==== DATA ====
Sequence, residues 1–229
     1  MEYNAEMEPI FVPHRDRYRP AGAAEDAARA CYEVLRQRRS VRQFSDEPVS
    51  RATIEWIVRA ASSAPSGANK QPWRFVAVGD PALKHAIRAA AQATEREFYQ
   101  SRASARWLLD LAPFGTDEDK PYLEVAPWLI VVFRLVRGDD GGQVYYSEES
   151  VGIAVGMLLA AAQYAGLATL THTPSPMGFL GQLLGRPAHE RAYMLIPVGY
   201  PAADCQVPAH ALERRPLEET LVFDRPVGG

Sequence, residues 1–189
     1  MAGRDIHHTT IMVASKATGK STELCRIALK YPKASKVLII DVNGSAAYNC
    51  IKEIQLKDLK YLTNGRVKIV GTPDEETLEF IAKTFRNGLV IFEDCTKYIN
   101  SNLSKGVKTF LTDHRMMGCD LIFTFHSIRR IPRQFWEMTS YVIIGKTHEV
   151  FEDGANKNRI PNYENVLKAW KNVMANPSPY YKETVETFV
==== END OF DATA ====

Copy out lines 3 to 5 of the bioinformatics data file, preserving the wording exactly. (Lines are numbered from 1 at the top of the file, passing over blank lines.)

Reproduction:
    51  RATIEWIVRA ASSAPSGANK QPWRFVAVGD PALKHAIRAA AQATEREFYQ
   101  SRASARWLLD LAPFGTDEDK PYLEVAPWLI VVFRLVRGDD GGQVYYSEES
   151  VGIAVGMLLA AAQYAGLATL THTPSPMGFL GQLLGRPAHE RAYMLIPVGY